Re: re greasing worm wheel on 1100GTO original gearbox.

W Hilmo

I actually worked as a baggage handler for an airline for a while, and my father was an airline pilot.


I am pretty sure that all of the Boeing and Airbus airplanes are fully pressurized (but not heated), even in the cargo holds.  The reason is that it’s easier structurally to pressurize the entire fuselage (except for areas that cannot be pressurized, like the landing gear bays), than it would be to have pressure bulkheads that isolate the cargo holds from the pressurized area.  For this reason, I would strongly suspect that the same is true for any modern jet aircraft, even from Embraer, Bombardier, etc.


As it said, it doesn’t affect your point about shipping grease, but it caught my attention because lots of people believe that the cargo areas are not pressurized, when they actually are.  If they weren’t pressurized, you could pretty much assume that any kinds of liquids in your checked bags (shampoo, toothpaste, etc.) would make one heck of a mess on every flight.


From: ap-gto@... [mailto:ap-gto@...]
Sent: Saturday, April 27, 2019 7:56 AM
To: ap-gto@...
Subject: Re: [ap-gto] Re: re greasing worm wheel on 1100GTO original gearbox.



Hi Wade,


    To answer your question, I Googled the question – “Are aircraft cargo holds pressurized? “, and got several answers, about temperature and pressure conditions in cargo. There are two cargo holds - one part right behind the crew cabin,  may indeed be made liveable, for pets, and live (lobsters) restaurant food shipments. The “aft cargo” hold isn’t likely to be – no need for the extra T & P conditioning load for “dead-weight” items. Meanwhile, sometimes “stowaways” survive such high altitude conditions when they stuff themselves into aircraft wheel wells.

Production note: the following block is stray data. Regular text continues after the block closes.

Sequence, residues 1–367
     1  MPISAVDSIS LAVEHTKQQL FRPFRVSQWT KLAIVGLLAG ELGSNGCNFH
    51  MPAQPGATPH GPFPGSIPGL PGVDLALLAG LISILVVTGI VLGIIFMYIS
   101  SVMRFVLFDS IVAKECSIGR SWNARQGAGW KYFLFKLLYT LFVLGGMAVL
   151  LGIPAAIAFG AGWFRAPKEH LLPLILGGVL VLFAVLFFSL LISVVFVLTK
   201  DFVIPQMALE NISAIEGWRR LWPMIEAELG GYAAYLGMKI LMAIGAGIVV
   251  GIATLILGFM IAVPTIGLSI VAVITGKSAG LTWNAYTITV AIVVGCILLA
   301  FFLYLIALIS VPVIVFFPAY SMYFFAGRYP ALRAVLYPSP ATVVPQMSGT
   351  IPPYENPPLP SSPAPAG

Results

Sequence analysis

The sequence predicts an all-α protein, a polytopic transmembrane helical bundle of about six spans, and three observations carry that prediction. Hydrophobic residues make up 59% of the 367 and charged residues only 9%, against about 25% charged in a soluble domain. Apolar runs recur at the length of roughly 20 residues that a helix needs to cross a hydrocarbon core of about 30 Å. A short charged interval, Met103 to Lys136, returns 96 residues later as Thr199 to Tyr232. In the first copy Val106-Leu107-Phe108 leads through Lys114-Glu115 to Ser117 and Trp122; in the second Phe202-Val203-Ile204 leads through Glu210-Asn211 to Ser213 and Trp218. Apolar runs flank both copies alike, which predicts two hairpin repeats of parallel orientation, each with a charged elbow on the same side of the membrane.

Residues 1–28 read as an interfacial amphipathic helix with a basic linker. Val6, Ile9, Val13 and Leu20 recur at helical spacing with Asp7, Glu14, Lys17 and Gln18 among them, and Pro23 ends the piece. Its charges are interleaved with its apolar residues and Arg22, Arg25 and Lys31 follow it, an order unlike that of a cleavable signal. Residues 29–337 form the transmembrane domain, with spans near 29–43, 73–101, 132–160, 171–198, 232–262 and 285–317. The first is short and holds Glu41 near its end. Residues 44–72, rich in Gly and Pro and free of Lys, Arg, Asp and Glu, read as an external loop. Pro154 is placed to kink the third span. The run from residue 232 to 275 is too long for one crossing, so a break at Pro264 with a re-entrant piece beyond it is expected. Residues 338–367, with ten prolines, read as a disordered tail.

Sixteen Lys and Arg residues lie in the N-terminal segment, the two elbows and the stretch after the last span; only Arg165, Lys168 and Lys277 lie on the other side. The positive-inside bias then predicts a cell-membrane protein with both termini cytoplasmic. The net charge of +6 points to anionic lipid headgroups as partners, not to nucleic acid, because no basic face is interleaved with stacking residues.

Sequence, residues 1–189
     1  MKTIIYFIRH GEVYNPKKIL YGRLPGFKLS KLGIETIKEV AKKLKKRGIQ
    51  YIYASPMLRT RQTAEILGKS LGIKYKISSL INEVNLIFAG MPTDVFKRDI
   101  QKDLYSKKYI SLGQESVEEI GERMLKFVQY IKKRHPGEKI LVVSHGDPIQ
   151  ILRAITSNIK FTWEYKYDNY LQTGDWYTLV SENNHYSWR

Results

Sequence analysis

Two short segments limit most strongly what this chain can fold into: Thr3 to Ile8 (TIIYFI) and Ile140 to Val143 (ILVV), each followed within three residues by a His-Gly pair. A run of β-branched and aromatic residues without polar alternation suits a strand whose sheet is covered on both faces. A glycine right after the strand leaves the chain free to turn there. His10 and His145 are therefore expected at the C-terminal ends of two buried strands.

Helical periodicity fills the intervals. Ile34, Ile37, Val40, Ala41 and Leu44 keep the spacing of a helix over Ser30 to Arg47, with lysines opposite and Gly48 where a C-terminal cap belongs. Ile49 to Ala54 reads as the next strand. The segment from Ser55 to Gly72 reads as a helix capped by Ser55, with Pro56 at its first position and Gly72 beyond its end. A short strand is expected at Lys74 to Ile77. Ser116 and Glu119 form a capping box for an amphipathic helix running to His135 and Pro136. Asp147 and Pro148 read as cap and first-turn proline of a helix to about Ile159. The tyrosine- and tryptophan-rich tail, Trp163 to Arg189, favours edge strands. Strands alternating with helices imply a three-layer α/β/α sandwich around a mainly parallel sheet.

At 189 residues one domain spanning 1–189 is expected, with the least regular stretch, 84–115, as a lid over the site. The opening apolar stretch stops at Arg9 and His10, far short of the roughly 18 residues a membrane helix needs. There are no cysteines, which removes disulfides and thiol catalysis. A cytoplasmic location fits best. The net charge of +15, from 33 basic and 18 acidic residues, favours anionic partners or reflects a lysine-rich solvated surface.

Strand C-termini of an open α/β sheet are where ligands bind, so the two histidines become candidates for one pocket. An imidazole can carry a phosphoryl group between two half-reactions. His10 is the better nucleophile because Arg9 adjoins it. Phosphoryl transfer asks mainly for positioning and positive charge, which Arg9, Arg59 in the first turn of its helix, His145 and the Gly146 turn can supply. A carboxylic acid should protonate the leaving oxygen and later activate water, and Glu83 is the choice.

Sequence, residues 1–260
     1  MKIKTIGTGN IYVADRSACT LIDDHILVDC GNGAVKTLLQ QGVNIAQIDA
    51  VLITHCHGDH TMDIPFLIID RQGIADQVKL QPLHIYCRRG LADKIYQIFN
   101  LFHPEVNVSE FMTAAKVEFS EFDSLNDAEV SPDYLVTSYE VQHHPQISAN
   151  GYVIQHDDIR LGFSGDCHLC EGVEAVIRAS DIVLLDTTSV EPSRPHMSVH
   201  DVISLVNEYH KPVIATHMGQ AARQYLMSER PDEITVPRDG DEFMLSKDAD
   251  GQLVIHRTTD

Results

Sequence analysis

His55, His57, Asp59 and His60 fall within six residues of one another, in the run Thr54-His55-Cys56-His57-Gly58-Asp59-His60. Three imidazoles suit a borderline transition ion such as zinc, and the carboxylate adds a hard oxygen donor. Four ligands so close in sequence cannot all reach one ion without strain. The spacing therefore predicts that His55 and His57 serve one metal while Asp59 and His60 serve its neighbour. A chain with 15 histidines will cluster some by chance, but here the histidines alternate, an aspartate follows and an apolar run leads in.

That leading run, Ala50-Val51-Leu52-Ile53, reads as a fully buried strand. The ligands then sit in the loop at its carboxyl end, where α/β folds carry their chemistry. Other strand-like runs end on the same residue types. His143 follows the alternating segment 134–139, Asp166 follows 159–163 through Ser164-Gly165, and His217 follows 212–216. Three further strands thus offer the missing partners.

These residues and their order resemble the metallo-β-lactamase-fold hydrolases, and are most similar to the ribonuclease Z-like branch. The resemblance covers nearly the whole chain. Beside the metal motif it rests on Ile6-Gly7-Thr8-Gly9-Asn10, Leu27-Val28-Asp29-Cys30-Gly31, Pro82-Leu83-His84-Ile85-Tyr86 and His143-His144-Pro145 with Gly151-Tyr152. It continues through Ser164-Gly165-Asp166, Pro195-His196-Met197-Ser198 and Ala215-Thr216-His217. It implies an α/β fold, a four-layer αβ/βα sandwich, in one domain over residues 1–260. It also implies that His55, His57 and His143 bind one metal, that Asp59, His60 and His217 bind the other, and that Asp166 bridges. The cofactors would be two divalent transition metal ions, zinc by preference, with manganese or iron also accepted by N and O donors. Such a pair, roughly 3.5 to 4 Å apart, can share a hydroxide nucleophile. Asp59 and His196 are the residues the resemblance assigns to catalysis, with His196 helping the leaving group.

As for the “loosely capped” ASG-33 lube grease tubes, I wouldn’t want to risk travelling on a plane, not knowing if a dealer shipped this (Amazon purchase) product in the aft cargo, and whether the high altitude pressure drop causes outgassing and pops the lube cap. There probably are cargo fire extinguishers in there, if it should ignite. (Somewhat, kidding ?)


    Anyway, such products being shipped must surely require a signature, declaring that they are not hazardous, but then it is a matter of the shipper’s opinion.

    I’ve probably exhausted the case for lube shipping concerns here and I am confident AP takes the appropriate common sense measures and precautions,  to safely ship its special lube, where possible. So perhaps, we shouldn’t expect the lube product to be made generally available everywhere. Wonder if even the CONUS postal services or truck transports, have any special concerns or restrictions, handling such materials.


    As for where potentially combustible petro-chemicals might be “unknowingly” stowed, as cargo or luggage - Hard to predict, but surely hazardous or out-gassing  products wouldn’t share the same pressured and temperature controlled,  animals (liveable) forward cargo area. Here below, are two of the search results:


F.Y.I. – Joe



are aircraft cargo holds pressurized?

The round shape of the fuselage outline is very efficient at withstanding pressure. Because of that, everything within the fuselage shape is pressurized. This includes the cargo hold below.

Only cargo holds located behind the aft pressure bulkhead would be unpressurized, and these are mainly found in smaller aircraft.Aug 21, 2014


Are “luggage compartments” on planes pressurized?

Yes, they are both pressurized and temp controlled, because of some of the "live" cargo they carry (pets, live animals for restaurant menus). Also, some of the larger wide-body aircraft have galley facilities in the cargo hold area that flight attendants have to access during flight.


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